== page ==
You want to trust your hardware store employee. Anyone pawning instruments that can render a user's hand into something resembling abstract art should have the customer's full faith and credit.
So shoppers in Stillwater might be comforted to know that 46 percent of local Menards staff have taken the company's In-Home Training (IHT) program. It's an assuring phrase — until you realize the training makes them better at selling everything but hardware.
The goal is to turn them into Masterforce belt sanders (only $88.11!) that can reduce government to sawdust.
This was revealed by the website Gawker, which posted a cache of internal documents about Menards' training program for management-track employees. Stillwater's 46 percent is actually low compared to shops in Illinois, where one top-ranked store in Plainfield (98 percent participation) presumably sells blueprints for constructing a trickle-down economy in your own home.
As monsters go, Menards seems a shaggy-tailed bogeyman, a home improvement store whose lamely catchy jingle makes its commercials feel like they were filmed in the fall of 1994.
In fact, the homespun chain belongs to John Menard Jr., the richest person in Wisconsin with a net worth north of $10 billion. His training is presented as career advancement for staff. It's actually a crash course in keeping people like John Menard as rich as society will allow.
The documents appear to date back to the early part of this decade. The ideas are outdated by at least a century.
The first in the four-part series stresses American history, from pre-colonial protest through the American Revolution. The Declaration of Independence and the U.S. Constitution, with all 27 amendments, are reprinted in their entirety. Maybe this is supposed to teach Menards staff just how boring their job will be.
But the real "lesson" here comes in chapter four of the Menards bible. Employees learn that laws are just things that get in the way of America achieving its inherent greatness.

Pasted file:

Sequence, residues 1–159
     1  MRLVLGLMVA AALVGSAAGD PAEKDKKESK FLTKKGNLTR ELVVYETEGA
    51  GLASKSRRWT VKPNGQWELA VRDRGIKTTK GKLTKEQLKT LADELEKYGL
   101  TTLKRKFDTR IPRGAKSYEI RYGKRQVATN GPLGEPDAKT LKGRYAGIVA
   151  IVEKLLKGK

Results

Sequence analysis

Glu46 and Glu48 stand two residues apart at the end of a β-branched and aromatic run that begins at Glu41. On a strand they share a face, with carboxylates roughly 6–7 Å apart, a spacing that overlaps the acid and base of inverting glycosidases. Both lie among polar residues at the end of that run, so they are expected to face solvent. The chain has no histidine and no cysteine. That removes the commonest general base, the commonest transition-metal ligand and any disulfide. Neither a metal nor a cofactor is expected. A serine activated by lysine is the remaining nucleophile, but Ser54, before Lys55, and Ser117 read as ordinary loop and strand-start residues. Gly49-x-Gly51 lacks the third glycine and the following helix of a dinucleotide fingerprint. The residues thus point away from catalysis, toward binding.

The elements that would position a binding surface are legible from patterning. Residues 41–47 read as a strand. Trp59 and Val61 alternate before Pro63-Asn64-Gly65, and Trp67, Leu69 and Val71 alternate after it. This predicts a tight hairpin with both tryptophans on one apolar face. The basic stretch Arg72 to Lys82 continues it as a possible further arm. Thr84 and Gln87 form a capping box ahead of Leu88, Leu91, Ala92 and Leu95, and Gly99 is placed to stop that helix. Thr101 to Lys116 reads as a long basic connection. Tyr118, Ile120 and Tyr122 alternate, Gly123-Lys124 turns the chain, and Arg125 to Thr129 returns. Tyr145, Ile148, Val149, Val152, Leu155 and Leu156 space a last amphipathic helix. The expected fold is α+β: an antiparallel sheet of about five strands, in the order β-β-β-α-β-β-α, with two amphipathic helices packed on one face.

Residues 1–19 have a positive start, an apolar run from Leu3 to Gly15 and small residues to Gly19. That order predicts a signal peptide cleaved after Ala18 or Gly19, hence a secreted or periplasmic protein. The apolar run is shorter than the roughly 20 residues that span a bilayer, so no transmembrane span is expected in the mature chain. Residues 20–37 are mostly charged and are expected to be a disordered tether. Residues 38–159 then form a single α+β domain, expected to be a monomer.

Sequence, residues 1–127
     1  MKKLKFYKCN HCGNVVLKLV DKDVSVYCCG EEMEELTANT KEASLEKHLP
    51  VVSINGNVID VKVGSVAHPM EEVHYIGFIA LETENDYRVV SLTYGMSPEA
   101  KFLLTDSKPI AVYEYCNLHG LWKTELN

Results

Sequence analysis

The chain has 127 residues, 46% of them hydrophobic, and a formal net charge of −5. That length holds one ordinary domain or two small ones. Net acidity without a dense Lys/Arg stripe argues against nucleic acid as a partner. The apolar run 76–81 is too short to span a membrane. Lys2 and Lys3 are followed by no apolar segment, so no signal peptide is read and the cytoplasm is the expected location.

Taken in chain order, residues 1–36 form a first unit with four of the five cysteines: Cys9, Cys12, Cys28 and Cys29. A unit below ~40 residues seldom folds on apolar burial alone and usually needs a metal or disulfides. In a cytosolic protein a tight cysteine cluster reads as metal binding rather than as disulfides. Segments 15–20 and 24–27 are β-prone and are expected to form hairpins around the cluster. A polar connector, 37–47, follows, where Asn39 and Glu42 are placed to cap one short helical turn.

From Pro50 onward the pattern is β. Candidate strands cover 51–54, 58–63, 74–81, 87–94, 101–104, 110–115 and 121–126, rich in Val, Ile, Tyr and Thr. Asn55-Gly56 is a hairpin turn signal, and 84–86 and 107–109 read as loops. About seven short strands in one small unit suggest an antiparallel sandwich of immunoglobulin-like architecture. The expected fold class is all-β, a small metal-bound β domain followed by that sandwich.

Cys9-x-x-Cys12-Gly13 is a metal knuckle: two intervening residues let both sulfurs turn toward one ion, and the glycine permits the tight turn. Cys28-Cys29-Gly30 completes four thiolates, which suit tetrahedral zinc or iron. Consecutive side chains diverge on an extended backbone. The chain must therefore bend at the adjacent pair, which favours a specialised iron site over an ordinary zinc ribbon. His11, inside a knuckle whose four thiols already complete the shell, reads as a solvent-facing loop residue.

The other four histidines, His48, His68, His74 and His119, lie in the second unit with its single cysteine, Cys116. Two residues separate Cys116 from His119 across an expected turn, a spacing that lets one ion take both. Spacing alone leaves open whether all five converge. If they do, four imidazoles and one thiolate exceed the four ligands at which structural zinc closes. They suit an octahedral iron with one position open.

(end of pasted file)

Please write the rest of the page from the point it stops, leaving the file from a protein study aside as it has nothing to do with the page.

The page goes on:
"Limited government and individual liberties are the foundation of American economic dominance," reads the manual, issued to people whose principal job is to help customers pick out the right joint compound.
"Private property is to be protected, not taken or taxed," the document continues. That's because "taxes always limit freedom," though it's hard to imagine what kind of freedom is being denied a guy who's made $10 billion.
The training is really a call to action, encouraging rank-and-file workers to take up arms against government interference. Call your congressman! Write a letter to the editor! Start blogging!
And make sure to stay on message, which shouldn't be too hard if you've already endured the brainwashing that came in the previous 170 pages. "Taxation, regulation, and legislation... make it more difficult for business to make a profit," says one passage.
What sort of regulation is Menards referring to here? Consider the time in 1997 when John Menard was caught dumping high-arsenic wood ash at his own house. He was fined $2 million. His only regret was living in a country that cared enough to stop him. A few years later, the Minnesota Attorney General sued Menard for trying to sell arsenic-flavored mulch for use at elementary school playgrounds.
Hardware store tycoons aren't usually known for writing extensive philosophical tracts. In this case, Menard didn't.
As it turns out, huge chunks of the In-Home Training were lifted from National Public Radio, About.com, the Wikipedia.org listing for "emissions trading," and the esteemed economic historians at the Great Falls Tea Party Patriots.
The most interesting patriotic theft comes in chapter three of the documents, where the company rises in support of Speaker of the House Paul Ryan's economic plans. Menards launches a defense of the "Path to Prosperity," Ryan's low-tax/kiss-Social-Security-goodbye agenda.
Here's a major big-box corporation, one of the largest privately held companies in the country, force-feeding its employees the drivel of a guy whose "poverty" plan amounts to patting homeless people on the head. (Not before he puts on his gloves.)
Attention, shoppers, we are through the looking glass! And looking glasses are on sale for $499! This weekend only!
"As a rule," the training scheme says, "if an elected official receives a phone call or letter from a constituent, they realize that at least one hundred others hold the same view."
Counterpoint: As a rule, if an elected official gets a call from "Hank, a manager at Menards," they should assume that whatever bullshit follows is nothing but pre-fab politics.
John Menard isn't training anyone to be better at work. He's training an army of droid lobbyists to do his bidding, even if that agenda — screw the environment, and hands off my billions — hurts the common man, the kind of person who might actually shop at a Menards.
Or work there.